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When we talk about the term global shift, we're not exactly talking about outer space and the actual movement of the earth. Although, that would be pretty cool. Astrology and geography could be next year's topic! The global shift is more related to the topic of globalisation, and our increasing connectedness within the world. It's all about the movement of the economic centre of the world. But what exactly does that mean? What has caused this global shift? Who has benefitted from it? Are there people who have lost out? Read on to find out more.
Before we go ahead and define the global shift, let's quickly revise the idea of globalisation. Globalisation is the way the world is becoming more connected, through increased flows, interdependence, and relationships between nations. With the rise of Transnational Corporations, the role of governments and organisations, and the increase of technologies and transportation, the world is becoming globalised. Some say the world is shrinking or compressing because it is now so much easier and faster to move around the world, and stay connected to people across the planet.
Make sure you read the explanations on Globalisation and the Effects of Globalisation before continuing with this one, it'll give you the necessary context to learn all about our shifting world.
As a result of globalisation, and the increase in Foreign Direct Investment from Transnational Corporations, a global shift has occurred. But how do we define this?
The global shift is the movement of manufacturing and industry to countries that have been recently industrialising. It has involved the shift of activity from western regions (like the US or Europe) to Asia.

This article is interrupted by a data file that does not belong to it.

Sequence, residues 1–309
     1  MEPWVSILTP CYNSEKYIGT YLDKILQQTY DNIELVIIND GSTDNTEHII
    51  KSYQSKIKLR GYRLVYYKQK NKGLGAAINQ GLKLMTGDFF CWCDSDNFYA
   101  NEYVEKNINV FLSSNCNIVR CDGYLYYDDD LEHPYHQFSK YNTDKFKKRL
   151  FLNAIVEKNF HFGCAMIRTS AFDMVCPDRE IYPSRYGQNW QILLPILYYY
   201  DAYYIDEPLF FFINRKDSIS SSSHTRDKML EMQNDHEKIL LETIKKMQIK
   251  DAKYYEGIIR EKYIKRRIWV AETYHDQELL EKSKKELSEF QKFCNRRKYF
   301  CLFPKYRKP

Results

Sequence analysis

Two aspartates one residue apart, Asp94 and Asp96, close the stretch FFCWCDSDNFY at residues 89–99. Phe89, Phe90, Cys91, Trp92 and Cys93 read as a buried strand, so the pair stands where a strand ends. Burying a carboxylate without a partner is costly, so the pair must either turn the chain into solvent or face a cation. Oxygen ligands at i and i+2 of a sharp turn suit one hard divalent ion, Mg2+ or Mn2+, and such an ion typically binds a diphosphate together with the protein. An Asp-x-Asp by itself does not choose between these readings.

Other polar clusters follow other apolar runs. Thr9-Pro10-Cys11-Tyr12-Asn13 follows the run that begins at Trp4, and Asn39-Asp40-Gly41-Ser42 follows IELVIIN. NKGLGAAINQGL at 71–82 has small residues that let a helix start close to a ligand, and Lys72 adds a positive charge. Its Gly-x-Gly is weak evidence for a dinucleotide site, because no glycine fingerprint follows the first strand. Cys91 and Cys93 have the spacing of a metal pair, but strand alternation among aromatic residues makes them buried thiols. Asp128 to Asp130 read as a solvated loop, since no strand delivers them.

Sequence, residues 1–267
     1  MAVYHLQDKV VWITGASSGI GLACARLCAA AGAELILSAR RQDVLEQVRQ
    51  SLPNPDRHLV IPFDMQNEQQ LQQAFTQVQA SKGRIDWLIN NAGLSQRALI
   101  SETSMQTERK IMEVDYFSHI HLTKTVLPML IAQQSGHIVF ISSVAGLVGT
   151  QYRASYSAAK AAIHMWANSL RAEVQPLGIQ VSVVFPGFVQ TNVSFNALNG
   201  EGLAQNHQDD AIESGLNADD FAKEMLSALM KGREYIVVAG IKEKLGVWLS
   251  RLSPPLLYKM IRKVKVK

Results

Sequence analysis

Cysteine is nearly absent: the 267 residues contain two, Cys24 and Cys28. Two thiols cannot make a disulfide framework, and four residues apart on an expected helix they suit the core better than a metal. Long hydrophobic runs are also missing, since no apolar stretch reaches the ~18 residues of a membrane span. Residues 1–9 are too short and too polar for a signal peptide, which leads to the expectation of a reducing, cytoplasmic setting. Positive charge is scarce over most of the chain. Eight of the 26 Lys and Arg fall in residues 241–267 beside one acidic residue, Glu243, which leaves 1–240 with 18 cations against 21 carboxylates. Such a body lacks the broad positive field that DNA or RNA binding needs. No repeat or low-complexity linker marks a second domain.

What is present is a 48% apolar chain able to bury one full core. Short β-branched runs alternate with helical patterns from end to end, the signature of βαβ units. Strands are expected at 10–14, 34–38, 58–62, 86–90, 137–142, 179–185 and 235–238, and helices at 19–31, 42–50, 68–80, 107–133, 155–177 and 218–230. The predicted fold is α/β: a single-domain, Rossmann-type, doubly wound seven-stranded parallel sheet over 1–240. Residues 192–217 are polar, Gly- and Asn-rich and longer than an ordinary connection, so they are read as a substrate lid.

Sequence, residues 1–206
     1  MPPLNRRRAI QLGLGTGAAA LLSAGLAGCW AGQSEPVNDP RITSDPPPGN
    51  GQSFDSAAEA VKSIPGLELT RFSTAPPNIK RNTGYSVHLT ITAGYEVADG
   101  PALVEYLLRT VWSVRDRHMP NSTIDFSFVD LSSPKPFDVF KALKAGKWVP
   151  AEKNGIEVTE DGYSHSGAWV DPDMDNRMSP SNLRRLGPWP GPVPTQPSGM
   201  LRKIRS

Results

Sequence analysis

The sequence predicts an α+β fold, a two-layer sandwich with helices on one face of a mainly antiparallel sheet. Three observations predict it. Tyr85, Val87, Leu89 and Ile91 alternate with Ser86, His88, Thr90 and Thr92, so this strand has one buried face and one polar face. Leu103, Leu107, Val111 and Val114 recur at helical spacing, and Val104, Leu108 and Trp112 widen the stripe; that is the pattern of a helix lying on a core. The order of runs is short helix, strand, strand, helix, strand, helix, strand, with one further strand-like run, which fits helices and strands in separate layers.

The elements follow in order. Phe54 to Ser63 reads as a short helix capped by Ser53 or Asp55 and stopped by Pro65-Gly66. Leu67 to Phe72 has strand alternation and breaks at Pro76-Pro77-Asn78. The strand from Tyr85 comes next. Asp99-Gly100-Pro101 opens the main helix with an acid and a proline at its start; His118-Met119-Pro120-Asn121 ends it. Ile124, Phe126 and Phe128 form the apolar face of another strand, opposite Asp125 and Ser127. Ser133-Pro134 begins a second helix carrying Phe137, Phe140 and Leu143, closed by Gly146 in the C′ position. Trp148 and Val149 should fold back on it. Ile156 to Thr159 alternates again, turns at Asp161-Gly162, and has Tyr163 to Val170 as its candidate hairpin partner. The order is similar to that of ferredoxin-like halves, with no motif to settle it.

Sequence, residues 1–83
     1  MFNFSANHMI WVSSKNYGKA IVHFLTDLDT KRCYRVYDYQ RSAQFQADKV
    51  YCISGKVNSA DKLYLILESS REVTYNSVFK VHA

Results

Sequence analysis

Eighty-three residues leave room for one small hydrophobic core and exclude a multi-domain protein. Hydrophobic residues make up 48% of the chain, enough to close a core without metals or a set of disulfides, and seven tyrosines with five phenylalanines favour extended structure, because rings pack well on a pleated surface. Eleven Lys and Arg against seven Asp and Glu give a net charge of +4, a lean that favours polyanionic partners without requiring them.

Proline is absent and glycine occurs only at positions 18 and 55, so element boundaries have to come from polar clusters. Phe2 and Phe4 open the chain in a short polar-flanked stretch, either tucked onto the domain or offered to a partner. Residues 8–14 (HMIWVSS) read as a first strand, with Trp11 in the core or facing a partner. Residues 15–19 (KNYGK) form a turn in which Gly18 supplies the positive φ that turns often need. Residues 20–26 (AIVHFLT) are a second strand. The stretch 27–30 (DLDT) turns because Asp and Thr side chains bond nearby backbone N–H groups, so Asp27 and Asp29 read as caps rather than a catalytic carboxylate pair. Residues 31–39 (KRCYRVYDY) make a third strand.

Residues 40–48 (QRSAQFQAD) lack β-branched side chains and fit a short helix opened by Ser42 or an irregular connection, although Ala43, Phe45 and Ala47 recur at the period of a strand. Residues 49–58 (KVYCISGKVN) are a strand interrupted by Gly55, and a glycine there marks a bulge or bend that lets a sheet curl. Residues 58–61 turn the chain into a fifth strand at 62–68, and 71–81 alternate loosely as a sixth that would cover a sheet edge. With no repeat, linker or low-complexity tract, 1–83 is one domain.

The global shift is often described as the movement of the centre of gravity of economic activities to places like China and India. Manufacturing has shifted towards China, and service jobs have moved to India, for example.
The global shift is all to do with the movement of the economic centres of the world, towards the Asian continent. Once upon a time, in countries like the UK, imports of materials from other countries were not favoured over UK-based products. This all changed during the Industrial Revolution when imports of raw materials from abroad became more favourable. During the 1950s, manufacturing industries started to move to countries like Japan. In the 1960s, the 'Asian Tigers' started to industrialise (South Korea, Taiwan, Singapore, and Hong Kong), as well as China and India. In the 1980s, more countries like the Philippines, Cambodia, Indonesia, and other countries in the South American region started to industrialise. Manufacturing industries, therefore, moved to these countries, as it was typically cheaper to source labour there. From the 1990s, the service industry followed too. At the same time, more developed countries began to deindustrialise. This means that there was a huge reduction in industrial and manufacturing industries in more developed countries, like the UK.
Now, we've just discussed how this global shift has occurred, with countries in the East industrialising and countries in the West deindustrialising. But what has actually caused this? Those responsible for the global shift are the Transnational or Multinational Corporations operating in countries all over the world, as well as the other drivers of globalisation.